Yes, the legendary maker of the classic Harley-Davidson motorcycle, which has long celebrated its centennial, did sell a car … well, more or less.
For many years in addition to their lighter Big Twin cruisers and Sportsters. Harley-Davidson made tricycles in the form of utility and police “tricycles,” but they were lumps of Barney Rubble compared to the short-lived, but fast-paced, Tri-Hawk’s slim Mirage Fighter look of around 1984. You most likely didn’t ogle one in the showroom of your local Harley dealership because they appeared only briefly, and were attributed to a marketing miscalculation and were quickly unselected from the Milwaukee lineup.
The two-passenger Tri-Hawk had already been in limited production before Motor Factory decided to take it as their own ostensibly to fill an exotic niche that had no name. The year before, HD had made a deal with the Austrian company Rotax for engine-gearbox racing units intended for 500cc short-track racing, so perhaps it was in this euphoria of internationalism that Milwaukee opted for a three-wheeled machine propelled by a motor. French-made four-cylinder Citroën. And yes, “Citroen” seems to be loosely translated as “lemon.” But this light, knife-edged bird of prey didn’t have a bit of sour citrus.
Decades earlier, the inexpensive German “car” Messerschmidt, a bit of a recycled Luftwaffe fighter jet, had carried two passengers through post-WWII Germany. Since then, in Dr. Frankenstein’s laboratory all sorts of car / three-wheel bike hybrids with motorcycle engines have been born, but none have caught on. In the early 1980s, the Tri-Hawk appeared at a time when experimenters were again looking for alternative designs and better power-to-weight options. The Tri-Hawk was the product of this enthusiasm, the design evoked by the race car engineer Robert McKee, while the millionaire sportsman Lou Richards was the one who signed the project. The finished product was assembled in a small plant located in a coastal town called Dana Point that basks in the southern California sun between Los Angeles and San Diego. The flat, air-cooled 1299-cubic-inch four-cylinder engine rode up front, while the frame and suspension echoed McKee’s race car expertise. Again, borrowing French technology, the builders incorporated a hydraulic braking system manufactured by Renault.
With a 1,300-pound scale, and with 80 horsepower through a 5-speed transaxle transmission, the Tri-Hawk has what might be called “exhilarating performance characteristics.” Plus, he wasn’t shy in the exhaust notes department, a snarling, ecstatic Formula One emanating from the pipes.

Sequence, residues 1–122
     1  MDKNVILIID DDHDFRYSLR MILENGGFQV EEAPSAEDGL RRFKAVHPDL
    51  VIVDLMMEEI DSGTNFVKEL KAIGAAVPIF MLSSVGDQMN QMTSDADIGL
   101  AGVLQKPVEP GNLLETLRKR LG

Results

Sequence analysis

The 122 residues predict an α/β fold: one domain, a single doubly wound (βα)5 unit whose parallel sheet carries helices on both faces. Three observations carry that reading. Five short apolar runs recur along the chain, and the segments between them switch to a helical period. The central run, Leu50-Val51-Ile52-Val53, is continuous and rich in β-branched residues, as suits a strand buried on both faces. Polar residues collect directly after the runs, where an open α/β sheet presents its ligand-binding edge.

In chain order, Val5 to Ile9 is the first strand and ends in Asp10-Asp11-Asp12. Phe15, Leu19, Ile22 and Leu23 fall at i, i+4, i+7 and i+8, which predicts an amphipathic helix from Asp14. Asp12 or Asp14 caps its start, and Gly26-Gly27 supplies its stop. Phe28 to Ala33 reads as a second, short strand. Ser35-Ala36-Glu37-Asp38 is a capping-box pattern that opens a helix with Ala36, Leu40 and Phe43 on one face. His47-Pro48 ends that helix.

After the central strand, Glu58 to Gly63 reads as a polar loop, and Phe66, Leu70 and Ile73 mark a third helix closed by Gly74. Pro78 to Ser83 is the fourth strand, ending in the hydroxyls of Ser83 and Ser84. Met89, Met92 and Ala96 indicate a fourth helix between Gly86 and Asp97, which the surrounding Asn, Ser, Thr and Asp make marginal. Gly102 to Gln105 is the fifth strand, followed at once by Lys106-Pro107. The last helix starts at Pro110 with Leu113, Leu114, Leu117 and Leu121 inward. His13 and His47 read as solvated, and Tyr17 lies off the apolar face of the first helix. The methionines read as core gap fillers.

If you wanted to buy a Tri-Hawk in the fall of 1984 at the time of Harley-Davidson’s takeover of the company, you had to shell out $ 12,000 which today will only buy about two-thirds of a Big Twin. Back then, 12K seemed like a lot for a vehicle without a roof and with only three wheels. Yet it had appeal and substance, both in performance and in the appearance department. It could, should … but Factory’s infrastructure game plan was missing to support sales. Milwaukee decided not to sell them through its dealerships, leaving only the factory at Dana Point and three other franchise locations to sell the Tri-Hawk … not exactly universal availability nor were there any Super Bowl commercials in the way of the promotion. Even then, only about eleven Tri-Hawks left the factory nest monthly, again without flying out the assembly door into the waiting arms of the automotive public. So, like many endangered species, the Tri-Hawk died not from intrinsic design flaws, but from negligence.
Simply put, the Tri-Hawk is a seriously crafted, smartly designed sports machine that shares much of the adrenaline-pumping production qualities of the Cobra’s eyeball suction performance and the nimble handling of the Lotus car, but licensed from motorcycling and insurance benefits, plus a little jet hunting. thrown off. It could carry two in relative comfort and safety thanks to the integral roll bar and seat belts. And you didn’t need to know French to drive one. They weren’t touchy or temperamental, they offered good gas mileage, and they were easy to park. And in the curves, they had big Beemers and Benz for breakfast. Today, 12,000 seem like a bargain, except the last Tri-Hawk known to this author sold for $ 25,000. You could catch him near Los Angeles flying around the canyons of Malibu piloted by a guy with a big smile.